That is Fenway’s most distinctive feature; indeed, it’s probably the most
distinctive feature of any current major league ballpark, so it makes
sense to focus on it. However, Fenway also has a spacious right
field, which is known to suppress home runs for left-handed batters.

So,
while Edmonds would pick up a few homers (and doubles) on fly balls to
left field, he would almost certainly lose some on fly balls to right
field. This point is most important for left-handed batters,
since the right-field dimensions at Fenway have less impact on
right-handed swingers. Of course, this study could be extended to
include balls hit to any part of the ballpark.

As an aside, the Red Sox don’t seem to be worried about the effects of
Fenway on Drew’s hits to right field. The following excerpt is from a Boston Globe interview with Theo Epstein on Dec. 6, 2006:

“He really has a great swing for Fenway Park,” Epstein said. “When he
pulls the ball and elevates the ball, it will certainly reach the
bullpen. He’s got plus raw power. The big dimensions in right field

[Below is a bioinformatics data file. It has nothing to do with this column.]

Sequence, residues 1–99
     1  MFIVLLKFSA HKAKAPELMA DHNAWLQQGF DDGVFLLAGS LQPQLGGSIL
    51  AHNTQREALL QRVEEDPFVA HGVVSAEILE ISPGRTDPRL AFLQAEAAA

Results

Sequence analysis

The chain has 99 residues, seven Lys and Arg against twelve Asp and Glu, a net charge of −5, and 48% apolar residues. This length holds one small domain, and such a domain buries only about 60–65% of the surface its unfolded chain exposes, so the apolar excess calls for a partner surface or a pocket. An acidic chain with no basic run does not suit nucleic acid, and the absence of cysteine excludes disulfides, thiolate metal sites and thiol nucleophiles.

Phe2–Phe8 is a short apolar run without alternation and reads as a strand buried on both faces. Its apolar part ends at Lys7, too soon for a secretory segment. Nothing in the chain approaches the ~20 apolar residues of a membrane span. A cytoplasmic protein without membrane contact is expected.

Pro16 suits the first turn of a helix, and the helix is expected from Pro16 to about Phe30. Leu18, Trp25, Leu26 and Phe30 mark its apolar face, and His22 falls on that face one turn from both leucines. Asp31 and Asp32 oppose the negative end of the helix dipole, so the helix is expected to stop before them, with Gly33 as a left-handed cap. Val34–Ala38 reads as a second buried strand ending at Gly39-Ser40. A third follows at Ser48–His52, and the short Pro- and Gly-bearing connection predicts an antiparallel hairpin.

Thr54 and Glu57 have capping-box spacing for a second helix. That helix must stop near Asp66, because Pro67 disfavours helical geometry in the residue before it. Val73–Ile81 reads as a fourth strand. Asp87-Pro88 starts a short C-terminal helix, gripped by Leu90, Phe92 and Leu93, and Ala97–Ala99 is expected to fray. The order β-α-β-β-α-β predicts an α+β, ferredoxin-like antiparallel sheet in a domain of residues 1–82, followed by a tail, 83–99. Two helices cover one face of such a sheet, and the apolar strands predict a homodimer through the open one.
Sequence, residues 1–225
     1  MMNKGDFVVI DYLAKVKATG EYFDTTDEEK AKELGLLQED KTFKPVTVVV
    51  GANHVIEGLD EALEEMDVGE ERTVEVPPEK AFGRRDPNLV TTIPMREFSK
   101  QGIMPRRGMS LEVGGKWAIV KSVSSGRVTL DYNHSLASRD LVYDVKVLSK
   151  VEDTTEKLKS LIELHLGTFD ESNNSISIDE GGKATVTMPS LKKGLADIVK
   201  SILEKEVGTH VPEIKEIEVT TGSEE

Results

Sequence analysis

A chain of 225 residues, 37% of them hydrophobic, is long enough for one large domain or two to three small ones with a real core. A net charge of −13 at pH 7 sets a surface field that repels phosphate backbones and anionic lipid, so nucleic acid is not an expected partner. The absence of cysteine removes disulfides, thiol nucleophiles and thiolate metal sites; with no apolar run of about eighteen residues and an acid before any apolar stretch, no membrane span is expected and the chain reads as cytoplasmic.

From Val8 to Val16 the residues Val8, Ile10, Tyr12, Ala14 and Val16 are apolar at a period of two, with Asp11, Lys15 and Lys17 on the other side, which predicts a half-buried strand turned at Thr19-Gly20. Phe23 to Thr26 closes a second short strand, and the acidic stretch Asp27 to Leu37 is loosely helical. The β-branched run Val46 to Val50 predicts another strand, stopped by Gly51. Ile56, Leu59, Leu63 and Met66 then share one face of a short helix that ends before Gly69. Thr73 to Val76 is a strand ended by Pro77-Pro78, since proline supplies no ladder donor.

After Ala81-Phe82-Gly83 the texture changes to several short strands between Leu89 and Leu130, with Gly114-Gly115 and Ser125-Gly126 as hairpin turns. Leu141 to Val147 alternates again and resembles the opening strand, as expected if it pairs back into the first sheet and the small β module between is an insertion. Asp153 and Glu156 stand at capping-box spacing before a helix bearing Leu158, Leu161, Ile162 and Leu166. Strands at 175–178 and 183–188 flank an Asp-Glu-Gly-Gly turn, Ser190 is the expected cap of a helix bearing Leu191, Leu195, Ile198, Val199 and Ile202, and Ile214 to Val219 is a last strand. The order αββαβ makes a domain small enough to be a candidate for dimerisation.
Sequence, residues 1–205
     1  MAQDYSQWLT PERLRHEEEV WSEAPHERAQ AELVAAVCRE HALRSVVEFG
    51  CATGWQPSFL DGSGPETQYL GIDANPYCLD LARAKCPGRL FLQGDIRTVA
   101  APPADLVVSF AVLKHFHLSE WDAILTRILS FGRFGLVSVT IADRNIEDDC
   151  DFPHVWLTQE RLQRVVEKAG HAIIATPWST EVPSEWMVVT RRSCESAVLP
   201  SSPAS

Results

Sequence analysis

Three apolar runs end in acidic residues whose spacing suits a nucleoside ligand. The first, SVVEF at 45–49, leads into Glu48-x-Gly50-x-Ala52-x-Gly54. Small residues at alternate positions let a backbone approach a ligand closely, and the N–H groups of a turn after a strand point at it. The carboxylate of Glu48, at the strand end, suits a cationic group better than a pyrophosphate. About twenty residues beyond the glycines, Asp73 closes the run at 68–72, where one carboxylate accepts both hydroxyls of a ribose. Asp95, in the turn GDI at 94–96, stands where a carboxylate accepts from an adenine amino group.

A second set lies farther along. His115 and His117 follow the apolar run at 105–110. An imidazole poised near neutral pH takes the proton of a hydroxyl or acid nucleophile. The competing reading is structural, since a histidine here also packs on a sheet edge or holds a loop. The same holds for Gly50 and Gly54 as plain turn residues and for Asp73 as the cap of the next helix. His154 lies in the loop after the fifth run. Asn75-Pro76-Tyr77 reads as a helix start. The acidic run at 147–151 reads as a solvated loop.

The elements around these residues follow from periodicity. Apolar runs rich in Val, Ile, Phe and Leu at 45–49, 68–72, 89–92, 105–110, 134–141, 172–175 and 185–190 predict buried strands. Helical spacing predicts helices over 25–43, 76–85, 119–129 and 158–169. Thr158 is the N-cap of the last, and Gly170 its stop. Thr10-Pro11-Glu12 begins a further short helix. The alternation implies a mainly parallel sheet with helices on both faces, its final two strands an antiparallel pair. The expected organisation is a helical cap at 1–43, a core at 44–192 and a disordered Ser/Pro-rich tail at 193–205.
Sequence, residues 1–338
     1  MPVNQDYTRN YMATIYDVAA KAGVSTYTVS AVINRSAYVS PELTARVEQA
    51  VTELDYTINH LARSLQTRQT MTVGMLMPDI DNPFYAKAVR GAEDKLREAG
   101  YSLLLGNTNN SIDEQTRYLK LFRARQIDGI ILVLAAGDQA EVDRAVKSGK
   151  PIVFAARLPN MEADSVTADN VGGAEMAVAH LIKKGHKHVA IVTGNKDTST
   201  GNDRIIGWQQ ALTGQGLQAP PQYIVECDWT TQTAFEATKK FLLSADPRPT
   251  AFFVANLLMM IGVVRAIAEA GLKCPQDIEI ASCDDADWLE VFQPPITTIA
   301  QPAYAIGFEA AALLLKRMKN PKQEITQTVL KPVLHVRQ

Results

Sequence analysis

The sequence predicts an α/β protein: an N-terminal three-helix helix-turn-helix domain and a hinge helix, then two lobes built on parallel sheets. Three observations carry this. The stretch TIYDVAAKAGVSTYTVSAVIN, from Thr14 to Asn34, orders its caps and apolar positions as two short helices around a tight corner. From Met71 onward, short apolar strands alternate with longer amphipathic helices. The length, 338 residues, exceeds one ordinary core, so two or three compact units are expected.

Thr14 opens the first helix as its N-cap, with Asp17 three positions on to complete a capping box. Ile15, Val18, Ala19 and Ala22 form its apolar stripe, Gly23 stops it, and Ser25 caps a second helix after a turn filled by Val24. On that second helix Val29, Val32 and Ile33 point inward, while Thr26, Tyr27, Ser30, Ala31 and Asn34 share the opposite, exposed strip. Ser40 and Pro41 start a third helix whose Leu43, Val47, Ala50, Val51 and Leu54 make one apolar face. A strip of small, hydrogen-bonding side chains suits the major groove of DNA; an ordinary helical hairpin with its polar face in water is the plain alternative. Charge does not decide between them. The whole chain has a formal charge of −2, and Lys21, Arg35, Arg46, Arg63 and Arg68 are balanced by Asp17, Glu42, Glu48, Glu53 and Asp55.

and even center field won’t be a problem for him. If you look at his
hit chart, those balls get out.”

Ok, let’s see that hit chart. I’ve traced out the full outfield
fence at Fenway (using images from Google Earth) and plotted Drew’s home runs from 2005-2006. Looks like only a couple would have
not gone out in Fenway, so Theo is right (not that I was doubting him).

Getting back to our caveats, the presence of Helton in the list above reminds
us that outfield dimensions are only one factor in determining if a given
batted ball flies a given distance. If you have ever visited Greg Rybarczyk’s
excellent Hit
Tracker
site, you know that altitude, wind speed and direction, and temperature all
have an important effect on how far a batted ball will go.

Greg has
used his Hit Tracker tool to “transplant” a player from one park to
another, most notably he estimated how Josh Beckett’s 2006 performance
might have looked had he remained a Marlin. (The interesting
results of that study appear in Greg’s article in
the Hardball Times Baseball Annual 2007, href="http://www.actasports.com/detail.html?id=077" target="new">check it out >.)

Hit Tracker, though, requires, in addition to the landing place of the
ball, the amount of time it was in the air. He obtains that data
by watching video of home runs, lots of video. I’m much lazier than
Greg, so I have to neglect the effects of weather and altitude.

Does Theo Know This Stuff?

About who would be adept at exploiting the Green Monster?
Undoubtedly. More from the Epstein interview cited above:

[Drew] also hits the ball in the air to the opposite field quite a bit and
certainly has the ability to reach the wall or go over the wall.